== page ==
How the French election process works: all you need to know for 2017

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With France’s presidential election due to take place in April 2017, MyFrenchLife™ guides you through the French election process.

Through all the coverage, polls, analysis and opinion that surround election fervour, it can be easy to lose track of how this all works. So, let’s go back to the basics of the French election system.

What form of government does France have?

France is often seen as the birthplace of modern democracy, and the terminology of ‘right-wing’ and ‘left-wing’ that we use today actually derives from the French Revolution. Supporters of the king sat to the right of the National Assembly president, and supporters of the revolution sat to the left.

MyFrenchLife™ – - French election process - 2017 presidential election - France - National Assembly

Having ditched its monarchy in 1792, the president now replaces the king as the head of state in France, and is elected by the popular vote of French citizens. One term lasts five years, and a president can serve a maximum of two terms.

In what is called a semi-presidential system of government, the president also appoints a prime minister, who then forms a government.

What are the main political parties in France?

As well as the main centre-right and centre-left coalitions that dominate the French election process, France has many minor political parties. Factions and splits are common, new parties often emerge and coalitions are frequent. Both far-left and far-right parties hold sway, with up to a third of the population voting for the extreme right or left.

  • Currently in power is the the Parti Socialiste (PS), the largest centre-left party in France.
  • Further to the left of the political spectrum, we have Lutte Ouvrière, and the Parti Communiste.
  • In the centre is Mouvement Démocratique, MoDem for short, which aims to bring together those on the left and right.
  • Les Républicains (previously UMP) is on the centre-right, and is one of the biggest parties in France.
  • On the far-right is the Front National.

At least 16 parties are expected to put forward candidates for the presidency in 2017.

How do French parties choose presidential candidates?

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Traditionally, senior party members would decide the candidates, but in 2011 the Parti Socialiste held its first American-style open primary, where members of the public voted for a nominee after televised TV debates. Les Républicains have followed suit and now also select their nominees in this way.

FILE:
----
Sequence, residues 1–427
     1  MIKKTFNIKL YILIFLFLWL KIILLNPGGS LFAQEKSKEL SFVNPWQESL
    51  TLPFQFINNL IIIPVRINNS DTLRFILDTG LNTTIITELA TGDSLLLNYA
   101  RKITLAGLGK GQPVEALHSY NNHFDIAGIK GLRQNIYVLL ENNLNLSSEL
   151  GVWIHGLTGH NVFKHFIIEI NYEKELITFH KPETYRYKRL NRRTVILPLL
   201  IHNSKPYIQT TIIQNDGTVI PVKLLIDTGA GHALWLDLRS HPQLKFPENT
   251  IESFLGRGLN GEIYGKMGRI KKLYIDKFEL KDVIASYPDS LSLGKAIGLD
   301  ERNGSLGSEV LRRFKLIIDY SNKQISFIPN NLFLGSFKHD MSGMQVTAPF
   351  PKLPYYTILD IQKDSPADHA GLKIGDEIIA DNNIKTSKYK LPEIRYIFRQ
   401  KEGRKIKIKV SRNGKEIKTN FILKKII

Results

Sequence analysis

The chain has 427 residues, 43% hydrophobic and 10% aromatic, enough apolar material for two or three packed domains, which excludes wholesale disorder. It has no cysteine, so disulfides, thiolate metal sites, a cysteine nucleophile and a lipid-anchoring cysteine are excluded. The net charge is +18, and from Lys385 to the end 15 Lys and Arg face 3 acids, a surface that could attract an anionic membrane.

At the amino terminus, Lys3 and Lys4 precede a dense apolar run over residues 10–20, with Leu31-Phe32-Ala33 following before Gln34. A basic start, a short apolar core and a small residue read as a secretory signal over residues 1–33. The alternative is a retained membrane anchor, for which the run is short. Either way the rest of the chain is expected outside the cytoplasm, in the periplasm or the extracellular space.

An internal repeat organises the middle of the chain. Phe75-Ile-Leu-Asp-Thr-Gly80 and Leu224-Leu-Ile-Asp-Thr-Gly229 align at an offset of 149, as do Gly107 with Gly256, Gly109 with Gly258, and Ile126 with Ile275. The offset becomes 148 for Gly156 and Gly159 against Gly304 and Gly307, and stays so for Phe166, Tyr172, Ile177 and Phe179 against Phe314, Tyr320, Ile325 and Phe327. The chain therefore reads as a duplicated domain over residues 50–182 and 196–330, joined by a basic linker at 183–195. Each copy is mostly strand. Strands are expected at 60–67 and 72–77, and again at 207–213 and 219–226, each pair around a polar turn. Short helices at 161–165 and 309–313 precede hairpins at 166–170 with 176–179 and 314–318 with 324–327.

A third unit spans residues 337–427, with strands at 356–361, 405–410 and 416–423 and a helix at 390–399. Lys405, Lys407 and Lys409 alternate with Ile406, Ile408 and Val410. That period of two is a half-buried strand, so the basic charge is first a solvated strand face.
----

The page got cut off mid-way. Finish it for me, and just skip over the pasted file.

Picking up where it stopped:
Independent candidates can run providing they are French citizens and on the electoral register, though historically, they tend not to do well.

Anyone running for presidency in France needs to gather 500 signatures of support from elected officials from at least 30 departments, with no more than 10% from the same department. Each official can sponsor only one candidate, which makes it less likely that they will support an independent or fringe candidate.

How does the French election process work?

In coverage of French elections, reporters often mention the ‘two-round system’; this refers to the two stages of voting, also called run-off voting because it works by a process of elimination. All major elections in France (except to the Senate) are conducted in this way.

French people cast their votes on Sundays, and all political campaigning is to stop at midnight on the Friday before the election.

During the first round, every candidate appears on the ballot. If one candidate receives an absolute majority at this stage then the voting process is over; however, this has never happened. The two candidates who receive the highest number of votes then move on to the second round to compete for the presidency. This final round is usually held two weeks after the first.
In 2017 the first round will be on Sunday April 23, the second on Sunday May 7.

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French people cast their votes on Sundays, and all political campaigning is to stop at midnight on the Friday before the election. Interestingly, it is forbidden to publish any sort of political poll or estimate on the Sunday of the election until after the polling booths have closed.

Voting is not compulsory, but since citizens are automatically registered at the age of 18, almost everyone can participate. This is reflected in the high voter turnout: 80.3% of the 46 million eligible to vote in the last presidential election.